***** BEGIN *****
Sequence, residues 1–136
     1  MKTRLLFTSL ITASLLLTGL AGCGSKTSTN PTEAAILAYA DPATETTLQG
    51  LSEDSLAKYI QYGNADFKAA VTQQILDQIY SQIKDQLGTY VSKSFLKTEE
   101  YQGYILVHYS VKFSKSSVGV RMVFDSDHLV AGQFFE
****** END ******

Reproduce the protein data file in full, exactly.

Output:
Sequence, residues 1–136
     1  MKTRLLFTSL ITASLLLTGL AGCGSKTSTN PTEAAILAYA DPATETTLQG
    51  LSEDSLAKYI QYGNADFKAA VTQQILDQIY SQIKDQLGTY VSKSFLKTEE
   101  YQGYILVHYS VKFSKSSVGV RMVFDSDHLV AGQFFE